Samuel survived the Holocaust as a child, and creates art that tells the timeless story of truth in the face of challenge. He was born on August 12, 1933, in Vilna, Poland. A few years later, the area was incorporated into the independent republic of Lithuania. He was eight when the Germans invaded in 1941 and established a ghetto for the Jewish population. Bak began painting while a child and had his first exhibition (in the Vilna ghetto) in 1942 at nine.
Bak’s life has inevitably influenced his choice of images and themes. The particulars of Vilna and the Holocaust, of surviving and being a wandering Jew, are part of his individual biography; but all are also aspects of our shared human condition.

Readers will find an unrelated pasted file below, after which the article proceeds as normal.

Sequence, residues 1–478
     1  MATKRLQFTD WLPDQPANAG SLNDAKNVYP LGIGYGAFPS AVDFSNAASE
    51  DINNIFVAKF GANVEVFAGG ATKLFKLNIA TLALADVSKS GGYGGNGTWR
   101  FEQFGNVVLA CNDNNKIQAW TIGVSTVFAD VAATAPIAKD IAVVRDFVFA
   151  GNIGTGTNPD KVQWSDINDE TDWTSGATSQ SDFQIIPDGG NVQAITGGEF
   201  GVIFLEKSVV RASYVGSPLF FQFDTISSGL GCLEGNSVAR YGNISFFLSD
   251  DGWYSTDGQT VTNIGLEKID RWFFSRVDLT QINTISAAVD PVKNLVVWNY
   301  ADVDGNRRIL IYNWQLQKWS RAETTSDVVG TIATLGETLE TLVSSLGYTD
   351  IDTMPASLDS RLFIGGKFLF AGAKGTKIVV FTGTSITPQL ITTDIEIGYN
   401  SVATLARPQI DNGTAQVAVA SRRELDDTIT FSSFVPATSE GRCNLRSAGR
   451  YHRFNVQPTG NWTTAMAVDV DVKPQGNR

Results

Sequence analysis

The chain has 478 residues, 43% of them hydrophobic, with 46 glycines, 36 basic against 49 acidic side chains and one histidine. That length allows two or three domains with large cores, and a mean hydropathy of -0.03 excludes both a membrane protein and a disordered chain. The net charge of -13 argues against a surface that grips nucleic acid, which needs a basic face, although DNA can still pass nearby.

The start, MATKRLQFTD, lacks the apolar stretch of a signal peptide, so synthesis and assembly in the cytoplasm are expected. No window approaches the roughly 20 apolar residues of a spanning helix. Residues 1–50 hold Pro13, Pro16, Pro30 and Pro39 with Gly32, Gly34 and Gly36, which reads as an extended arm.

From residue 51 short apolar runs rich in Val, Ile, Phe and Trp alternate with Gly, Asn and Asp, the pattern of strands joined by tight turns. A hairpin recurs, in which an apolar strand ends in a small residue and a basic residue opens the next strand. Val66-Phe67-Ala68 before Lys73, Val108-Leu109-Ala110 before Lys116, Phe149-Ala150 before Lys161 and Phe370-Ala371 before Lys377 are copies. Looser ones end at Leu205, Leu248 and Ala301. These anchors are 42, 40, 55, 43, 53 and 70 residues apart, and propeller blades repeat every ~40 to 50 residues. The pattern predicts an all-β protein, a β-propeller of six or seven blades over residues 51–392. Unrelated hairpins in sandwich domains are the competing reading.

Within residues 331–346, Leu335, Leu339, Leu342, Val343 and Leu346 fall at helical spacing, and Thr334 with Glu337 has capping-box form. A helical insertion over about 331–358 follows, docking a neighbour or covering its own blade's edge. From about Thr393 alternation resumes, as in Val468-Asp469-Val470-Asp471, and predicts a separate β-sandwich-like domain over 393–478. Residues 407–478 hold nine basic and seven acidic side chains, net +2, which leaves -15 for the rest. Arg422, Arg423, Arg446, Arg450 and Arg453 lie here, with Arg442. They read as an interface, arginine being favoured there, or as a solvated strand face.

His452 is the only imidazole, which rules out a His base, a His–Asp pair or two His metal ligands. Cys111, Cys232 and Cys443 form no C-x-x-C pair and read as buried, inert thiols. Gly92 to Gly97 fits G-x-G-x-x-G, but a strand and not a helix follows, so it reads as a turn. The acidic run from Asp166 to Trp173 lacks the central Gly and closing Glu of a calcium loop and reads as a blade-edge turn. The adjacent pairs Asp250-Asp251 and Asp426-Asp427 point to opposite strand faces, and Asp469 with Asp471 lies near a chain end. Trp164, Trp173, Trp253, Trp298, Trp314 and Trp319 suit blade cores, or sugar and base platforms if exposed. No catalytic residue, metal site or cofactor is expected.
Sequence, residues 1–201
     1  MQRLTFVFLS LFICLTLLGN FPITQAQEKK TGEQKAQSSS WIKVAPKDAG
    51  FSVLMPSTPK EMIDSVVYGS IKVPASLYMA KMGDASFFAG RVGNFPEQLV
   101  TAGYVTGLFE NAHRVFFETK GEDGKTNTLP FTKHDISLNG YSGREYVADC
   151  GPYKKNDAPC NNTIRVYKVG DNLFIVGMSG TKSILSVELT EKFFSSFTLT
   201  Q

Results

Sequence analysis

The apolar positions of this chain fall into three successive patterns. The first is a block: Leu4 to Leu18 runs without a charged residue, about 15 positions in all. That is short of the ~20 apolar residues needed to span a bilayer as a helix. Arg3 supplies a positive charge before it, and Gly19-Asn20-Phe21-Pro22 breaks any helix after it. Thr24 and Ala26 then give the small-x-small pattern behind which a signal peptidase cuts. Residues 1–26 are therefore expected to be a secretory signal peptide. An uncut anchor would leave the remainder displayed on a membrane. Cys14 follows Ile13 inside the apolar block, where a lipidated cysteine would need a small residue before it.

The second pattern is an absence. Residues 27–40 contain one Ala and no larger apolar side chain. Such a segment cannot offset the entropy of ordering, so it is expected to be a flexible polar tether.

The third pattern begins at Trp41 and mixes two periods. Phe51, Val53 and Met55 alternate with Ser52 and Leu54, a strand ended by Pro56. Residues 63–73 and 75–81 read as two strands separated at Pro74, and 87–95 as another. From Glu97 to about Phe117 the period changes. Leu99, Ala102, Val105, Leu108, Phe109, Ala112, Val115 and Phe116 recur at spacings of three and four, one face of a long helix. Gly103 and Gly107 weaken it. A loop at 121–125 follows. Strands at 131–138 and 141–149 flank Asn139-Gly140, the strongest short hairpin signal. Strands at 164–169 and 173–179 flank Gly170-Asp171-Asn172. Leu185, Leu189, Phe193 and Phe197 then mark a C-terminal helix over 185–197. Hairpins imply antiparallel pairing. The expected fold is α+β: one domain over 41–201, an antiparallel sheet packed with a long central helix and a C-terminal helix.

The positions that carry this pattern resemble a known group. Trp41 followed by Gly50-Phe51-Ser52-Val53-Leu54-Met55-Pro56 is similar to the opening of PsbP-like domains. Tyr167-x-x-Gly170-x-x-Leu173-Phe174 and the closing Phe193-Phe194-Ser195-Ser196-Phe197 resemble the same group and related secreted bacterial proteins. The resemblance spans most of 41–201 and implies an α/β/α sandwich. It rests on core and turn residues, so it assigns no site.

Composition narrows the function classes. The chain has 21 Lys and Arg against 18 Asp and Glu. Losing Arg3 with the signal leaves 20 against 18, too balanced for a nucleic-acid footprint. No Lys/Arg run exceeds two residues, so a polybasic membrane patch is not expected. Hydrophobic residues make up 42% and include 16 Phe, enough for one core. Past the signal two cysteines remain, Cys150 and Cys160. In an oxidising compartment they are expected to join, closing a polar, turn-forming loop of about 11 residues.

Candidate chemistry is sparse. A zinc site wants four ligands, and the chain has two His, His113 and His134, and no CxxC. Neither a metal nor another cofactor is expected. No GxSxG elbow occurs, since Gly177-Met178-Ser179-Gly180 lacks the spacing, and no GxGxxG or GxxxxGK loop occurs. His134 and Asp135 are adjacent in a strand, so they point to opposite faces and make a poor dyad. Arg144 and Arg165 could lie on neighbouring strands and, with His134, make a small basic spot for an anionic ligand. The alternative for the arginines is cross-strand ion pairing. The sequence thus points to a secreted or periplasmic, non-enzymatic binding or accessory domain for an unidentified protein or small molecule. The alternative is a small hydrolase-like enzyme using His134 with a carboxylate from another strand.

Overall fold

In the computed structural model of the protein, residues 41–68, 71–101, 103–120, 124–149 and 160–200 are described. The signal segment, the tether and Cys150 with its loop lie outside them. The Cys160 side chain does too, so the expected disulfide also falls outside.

In 2017, The Samuel Bak Museum opened in the city of the artist’s birth, on the first two floors of the Tolerance Center of the Vilna Gaon State Jewish Museum. In addition to the more than 50 works already donated by the artist, the Museum will accept more than 100 works in the coming years, and ultimately build a collection that spans the artist’s career. The Museum honors Bak’s life and art and is a testament to his commitment to educate current and future generations.
From his SPI recording:
“There is so much of my art that is becoming material for teaching. This is absolutely extraordinary. There are hundreds of books that use my art for their covers because the people feel that they can – in languages that I have absolutely no idea – that I cannot even read. But they’re paintings of mine. So, obviously, somewhere unwillingly, with my eyes shut, I hit the nail on its head. I consider myself very, very lucky that I have this response.”